Tuesday, February 23, 2016

Baseline HCV Antibody Prevalence and Risk Factors among Drug Users in China’s National Methadone Maintenance Treatment Program

Hepatitis C virus (HCV) is the most common viral infection among injecting drug users worldwide. We aimed to assess HCV antibody prevalence and associated risk factors among clients in the Chinese national methadone maintenance treatment (MMT) program.

Data from 296,209 clients who enrolled in the national MMT program between March 2004 and December 2012 were analyzed to assess HCV antibody prevalence, associated risk factors, and geographical distribution.

Anti-HCV screening was positive for 54.6% of clients upon MMT entry between 2004 and 2012. HCV antibody prevalence at entry declined from 66.8% in 2005 to 45.9% in 2012. The most significant predictors of HCV seropositivity were injecting drug use (adjusted odds ratio [AOR]: 8.34, 95% confidence interval [CI]: 8.17–8.52, p<0.0001) and a history of drug use ≥9 years (AOR: 2.01, 95% CI: 1.96–2.06, p<0.0001). Being female, of Uyghur or Zhuang ethnicity, and unmarried were identified as demographic risk factors (all p-values<0.0001). Of the 28 provincial-level divisions included in the study, we found that 5 divisions had HCV antibody prevalence above 70% and 20 divisions above 50%. The HCV screening rate within 6 months after MMT entry greatly increased from 30.4% in 2004 to 93.1% in 2012.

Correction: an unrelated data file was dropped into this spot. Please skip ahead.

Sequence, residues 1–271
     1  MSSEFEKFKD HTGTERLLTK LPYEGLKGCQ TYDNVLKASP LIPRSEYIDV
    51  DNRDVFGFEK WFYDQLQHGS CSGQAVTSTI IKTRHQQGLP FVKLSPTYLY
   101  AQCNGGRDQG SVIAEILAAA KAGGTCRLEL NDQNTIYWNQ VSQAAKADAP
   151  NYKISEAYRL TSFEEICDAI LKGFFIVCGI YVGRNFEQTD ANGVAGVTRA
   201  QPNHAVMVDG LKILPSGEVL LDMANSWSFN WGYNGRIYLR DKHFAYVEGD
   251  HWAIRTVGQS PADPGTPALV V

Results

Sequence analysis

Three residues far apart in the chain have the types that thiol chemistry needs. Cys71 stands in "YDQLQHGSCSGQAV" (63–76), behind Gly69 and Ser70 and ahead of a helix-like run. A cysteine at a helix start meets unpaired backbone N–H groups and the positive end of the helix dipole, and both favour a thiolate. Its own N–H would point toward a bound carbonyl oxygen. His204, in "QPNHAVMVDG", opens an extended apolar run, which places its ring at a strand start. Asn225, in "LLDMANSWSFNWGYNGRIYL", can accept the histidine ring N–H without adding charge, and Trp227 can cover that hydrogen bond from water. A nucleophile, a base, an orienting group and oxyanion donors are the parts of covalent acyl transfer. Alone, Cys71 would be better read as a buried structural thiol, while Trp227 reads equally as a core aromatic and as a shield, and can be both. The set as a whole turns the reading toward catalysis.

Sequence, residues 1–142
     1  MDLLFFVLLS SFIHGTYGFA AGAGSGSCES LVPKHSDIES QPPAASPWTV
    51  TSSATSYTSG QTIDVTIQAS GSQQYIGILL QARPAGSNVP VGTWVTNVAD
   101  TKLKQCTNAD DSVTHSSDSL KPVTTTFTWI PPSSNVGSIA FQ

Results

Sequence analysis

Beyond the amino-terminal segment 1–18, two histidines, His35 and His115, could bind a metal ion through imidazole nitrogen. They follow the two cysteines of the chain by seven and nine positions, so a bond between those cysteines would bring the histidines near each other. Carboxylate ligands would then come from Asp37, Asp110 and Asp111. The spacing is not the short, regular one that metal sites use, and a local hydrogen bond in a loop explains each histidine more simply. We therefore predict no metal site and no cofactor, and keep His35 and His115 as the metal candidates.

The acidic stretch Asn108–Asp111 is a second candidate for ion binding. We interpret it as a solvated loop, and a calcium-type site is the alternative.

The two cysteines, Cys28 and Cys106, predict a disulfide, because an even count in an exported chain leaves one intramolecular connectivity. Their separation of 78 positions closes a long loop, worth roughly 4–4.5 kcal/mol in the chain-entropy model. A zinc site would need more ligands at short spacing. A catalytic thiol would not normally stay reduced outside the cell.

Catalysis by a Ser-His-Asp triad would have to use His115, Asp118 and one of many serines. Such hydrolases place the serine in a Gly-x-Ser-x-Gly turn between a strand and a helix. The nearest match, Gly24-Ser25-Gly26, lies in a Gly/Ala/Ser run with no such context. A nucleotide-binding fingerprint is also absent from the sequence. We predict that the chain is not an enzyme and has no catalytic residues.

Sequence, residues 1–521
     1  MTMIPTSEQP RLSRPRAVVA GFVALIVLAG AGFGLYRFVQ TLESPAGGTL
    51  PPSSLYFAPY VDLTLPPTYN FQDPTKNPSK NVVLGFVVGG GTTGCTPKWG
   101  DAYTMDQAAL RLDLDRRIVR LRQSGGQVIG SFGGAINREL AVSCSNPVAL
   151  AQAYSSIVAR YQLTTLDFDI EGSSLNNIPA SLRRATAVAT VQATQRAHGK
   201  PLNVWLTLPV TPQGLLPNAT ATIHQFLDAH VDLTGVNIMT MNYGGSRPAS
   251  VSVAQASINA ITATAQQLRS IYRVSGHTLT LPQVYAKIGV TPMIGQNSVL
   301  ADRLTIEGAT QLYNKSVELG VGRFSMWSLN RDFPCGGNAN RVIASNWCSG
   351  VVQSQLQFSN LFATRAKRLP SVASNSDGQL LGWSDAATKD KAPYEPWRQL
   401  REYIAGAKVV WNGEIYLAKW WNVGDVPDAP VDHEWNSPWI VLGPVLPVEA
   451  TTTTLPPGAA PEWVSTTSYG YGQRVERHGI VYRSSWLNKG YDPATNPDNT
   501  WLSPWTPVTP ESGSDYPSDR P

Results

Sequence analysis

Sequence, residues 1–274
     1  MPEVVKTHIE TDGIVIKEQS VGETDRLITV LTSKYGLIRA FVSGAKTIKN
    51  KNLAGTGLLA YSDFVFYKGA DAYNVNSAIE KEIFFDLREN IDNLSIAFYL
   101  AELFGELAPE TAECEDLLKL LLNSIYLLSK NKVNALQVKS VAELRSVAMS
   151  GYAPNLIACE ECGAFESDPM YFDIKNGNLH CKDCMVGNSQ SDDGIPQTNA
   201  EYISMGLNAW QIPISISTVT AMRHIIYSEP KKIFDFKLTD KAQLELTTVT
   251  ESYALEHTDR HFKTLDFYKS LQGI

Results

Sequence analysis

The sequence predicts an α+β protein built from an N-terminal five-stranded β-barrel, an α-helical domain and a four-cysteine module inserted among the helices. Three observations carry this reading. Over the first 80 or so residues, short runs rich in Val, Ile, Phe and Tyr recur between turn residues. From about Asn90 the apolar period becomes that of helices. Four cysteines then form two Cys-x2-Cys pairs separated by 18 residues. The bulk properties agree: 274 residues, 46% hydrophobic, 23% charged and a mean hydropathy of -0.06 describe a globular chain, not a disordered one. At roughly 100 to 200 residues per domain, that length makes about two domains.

The current HCV antibody prevalence remains alarmingly high among MMT clients throughout most provincial-level divisions in China, particularly among injecting drug users and females. A comprehensive prevention strategy is needed to control the HCV epidemic among MMT clients in China.

Below:  The geographical distribution of (A) HCV antibody prevalence and (B) proportion of injecting drug use among MMT clients with baseline HCV test results in China

Full article at:  http://goo.gl/k897iv

By:  Changhe Wang, Cynthia X. Shi, Keming Rou, Yan Zhao, Xiaobin Cao, Wei Luo, Enwu Liu, Zunyou Wu 
National Center for AIDS/STD Control and Prevention, Chinese Center for Disease Control and Prevention, Beijing, China

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